Updated: May 4
When it comes to housing, only three options exist, buy a house or a condo, or rent. The question: “Should I purchase a condo or a home?” gets answered with pros and cons.
In a nutshell, should you buy a condo or a home comes down to “where you are in life, and what are your preferences?”. What are your needs and preferences?
Let’s explore the pros and cons between condos and homes.
The Benefits of Buying a Condo
Condos are Less Expensive than Homes
The National Association of Realtors (NAR) surveys indicate that in August 2021, single-family home sales prices nationwide averaged $356,700. While at the same time condo sales prices averaged $302,800. That’s a difference of nearly $54,000.
Thus, condos cost less than homes.
Less Exterior Repairs and Maintenance
Homeowners must repair and maintain the interior and exterior (roof, sidings, lawns, yards, and fences). Condo owners only need to take care of the interior.
The condo Homeowners Association (HOA) repairs and maintains the interior common areas (entry, elevators, stairs, and hallways). Also, the exterior (parking lot, roofs, siding, pool, clubhouse, etc.). Of course, condo owners pay dues to their HOA for these services, but less than what homeowners normally pay per year.
This saves money and frees up time for condo owners over homeowners.
Large condominium communities are packed with shared amenities. These can include:
Jogging trails; and
A typical single-family home doesn’t offer all these amenities.
Downtown condos while smaller and densely packed are located closer to amenities. These include:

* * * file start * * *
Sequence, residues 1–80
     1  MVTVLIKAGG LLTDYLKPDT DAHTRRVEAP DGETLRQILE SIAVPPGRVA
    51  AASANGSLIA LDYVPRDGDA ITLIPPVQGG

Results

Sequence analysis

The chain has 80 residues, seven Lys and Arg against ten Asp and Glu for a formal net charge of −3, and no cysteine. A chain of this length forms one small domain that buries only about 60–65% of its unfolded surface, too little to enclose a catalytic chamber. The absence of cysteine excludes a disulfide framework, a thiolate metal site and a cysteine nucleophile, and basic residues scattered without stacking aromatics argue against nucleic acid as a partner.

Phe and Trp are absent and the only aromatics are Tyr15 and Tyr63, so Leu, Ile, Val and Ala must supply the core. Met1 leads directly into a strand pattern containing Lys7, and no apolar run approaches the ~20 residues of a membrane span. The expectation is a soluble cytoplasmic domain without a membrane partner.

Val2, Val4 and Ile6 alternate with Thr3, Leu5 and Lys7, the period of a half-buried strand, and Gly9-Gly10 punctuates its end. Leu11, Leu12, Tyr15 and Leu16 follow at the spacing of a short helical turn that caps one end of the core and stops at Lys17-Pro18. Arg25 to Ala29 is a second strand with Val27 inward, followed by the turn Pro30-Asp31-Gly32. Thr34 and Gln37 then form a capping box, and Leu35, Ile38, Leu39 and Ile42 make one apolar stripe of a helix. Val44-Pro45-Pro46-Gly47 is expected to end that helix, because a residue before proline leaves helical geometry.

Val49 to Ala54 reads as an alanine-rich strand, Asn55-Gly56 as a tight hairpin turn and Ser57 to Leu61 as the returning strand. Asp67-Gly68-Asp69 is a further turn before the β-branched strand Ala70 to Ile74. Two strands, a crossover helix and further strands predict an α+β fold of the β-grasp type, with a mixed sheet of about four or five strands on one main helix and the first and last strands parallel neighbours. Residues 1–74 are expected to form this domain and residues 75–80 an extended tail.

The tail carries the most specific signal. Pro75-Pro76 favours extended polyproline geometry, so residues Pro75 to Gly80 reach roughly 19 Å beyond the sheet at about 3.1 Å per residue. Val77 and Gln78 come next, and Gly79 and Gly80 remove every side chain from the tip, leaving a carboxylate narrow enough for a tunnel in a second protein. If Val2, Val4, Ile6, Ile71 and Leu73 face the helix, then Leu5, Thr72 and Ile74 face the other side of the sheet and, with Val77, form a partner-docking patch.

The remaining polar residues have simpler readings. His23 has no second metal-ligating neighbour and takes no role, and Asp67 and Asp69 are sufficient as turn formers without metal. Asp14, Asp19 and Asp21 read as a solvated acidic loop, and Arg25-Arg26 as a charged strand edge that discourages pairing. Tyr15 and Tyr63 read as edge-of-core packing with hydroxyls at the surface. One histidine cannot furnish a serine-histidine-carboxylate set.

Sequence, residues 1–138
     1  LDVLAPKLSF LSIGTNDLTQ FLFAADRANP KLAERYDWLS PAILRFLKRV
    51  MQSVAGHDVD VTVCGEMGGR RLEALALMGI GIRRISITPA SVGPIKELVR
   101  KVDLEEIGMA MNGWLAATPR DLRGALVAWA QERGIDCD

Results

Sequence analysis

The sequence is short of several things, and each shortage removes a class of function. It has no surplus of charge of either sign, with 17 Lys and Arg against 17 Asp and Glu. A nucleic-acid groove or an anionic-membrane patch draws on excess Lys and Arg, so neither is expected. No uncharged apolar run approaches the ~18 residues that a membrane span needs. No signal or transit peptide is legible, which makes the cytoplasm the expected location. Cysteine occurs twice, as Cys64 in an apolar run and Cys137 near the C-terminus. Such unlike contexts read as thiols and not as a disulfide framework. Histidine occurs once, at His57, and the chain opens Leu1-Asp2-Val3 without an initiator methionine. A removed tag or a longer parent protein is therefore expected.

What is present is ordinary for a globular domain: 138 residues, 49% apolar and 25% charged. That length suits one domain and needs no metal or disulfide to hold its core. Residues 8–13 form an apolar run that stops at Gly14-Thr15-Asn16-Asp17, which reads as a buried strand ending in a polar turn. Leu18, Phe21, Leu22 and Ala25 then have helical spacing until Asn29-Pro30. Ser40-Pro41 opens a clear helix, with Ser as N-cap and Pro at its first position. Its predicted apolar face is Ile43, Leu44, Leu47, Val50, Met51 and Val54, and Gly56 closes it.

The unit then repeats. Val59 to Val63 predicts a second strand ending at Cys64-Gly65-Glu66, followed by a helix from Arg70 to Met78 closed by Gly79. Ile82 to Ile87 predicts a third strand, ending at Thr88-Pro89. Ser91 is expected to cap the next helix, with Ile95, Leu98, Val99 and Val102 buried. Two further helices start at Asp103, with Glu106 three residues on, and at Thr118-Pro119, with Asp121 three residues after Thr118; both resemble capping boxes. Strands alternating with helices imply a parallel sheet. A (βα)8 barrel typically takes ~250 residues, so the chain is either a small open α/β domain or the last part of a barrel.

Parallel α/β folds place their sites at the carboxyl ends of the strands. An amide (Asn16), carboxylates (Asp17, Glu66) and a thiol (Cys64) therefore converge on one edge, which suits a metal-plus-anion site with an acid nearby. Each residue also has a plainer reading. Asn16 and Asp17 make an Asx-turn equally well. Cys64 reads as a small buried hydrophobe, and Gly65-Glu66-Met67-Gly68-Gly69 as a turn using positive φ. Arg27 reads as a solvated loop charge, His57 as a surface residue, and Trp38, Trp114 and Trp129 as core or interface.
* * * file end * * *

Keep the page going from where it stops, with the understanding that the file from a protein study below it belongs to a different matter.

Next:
Shorter commutes to schools and work; and
Detached single-family homes neighborhoods tend to experience distance between neighbors. Contrary, condos (like apartments) being neighbors closer together. Especially when they share common amenities.
Density also makes a difference. A home typically may be on a tract of land from 1/4 up to one acre separated from neighboring homes. A condo community of 20 to 30 units may sit on an acre of land.
Intimacy exists in a condo community as opposed to a large subdivision of homes. Condos tend to attract people of similar income, interests, and backgrounds which encourages social co-mingling. Especially when congregating around social areas, gymnasiums, and swimming pools.
Cons: The Risks of Buying a Condo
It’s always good to know the risks of any investment. Condos carry some risks. You need to know them before buying a condo.
Financing Condo Purchases More Difficult Than Homes
Getting a federal mortgage loan for a condo may be tougher than you think.
The Federal Housing Administration (FHA) requires all condo developments to have at least 50% of the units occupied by their owners before an FHA loan is insured. New condo developments only require 30% owner occupancy. Learn more about the FHA loan requirements for condos.
Condos Don’t Appreciate as Homes Do
The fact is, “condos don’t appreciate in value as the rate of homes”. When you try to sell, depending on the market, you may end up losing money. One reason is you may find yourself in competition with your neighbors trying to sell similar units. Or, the housing market is bad for condos.
Tip: Buy a condo unit in the most “attractive location within the building”. Or, buy a condo with extra bedrooms because they are always easier to sell. This will set you apart from your neighbors competing with your listing.
Bonus Tip: If you can’t sell, renting is an option. If the HOA rules don’t prohibit renting units, rent it subject to a future sale with enough time for your renter to seek another rental.
The Extra Expense of HOA Fees
Condo associations charge HOA association fees which you pay on top of your monthly mortgage. These extra membership fees can run up to $1,000 a month.
Your HOA fees pay for normal repairs and maintenance of the common areas. However, they may increase to pay for extra costs like:
Major required renovations like a new roof or new city requirements like larger water storage containers or green energy;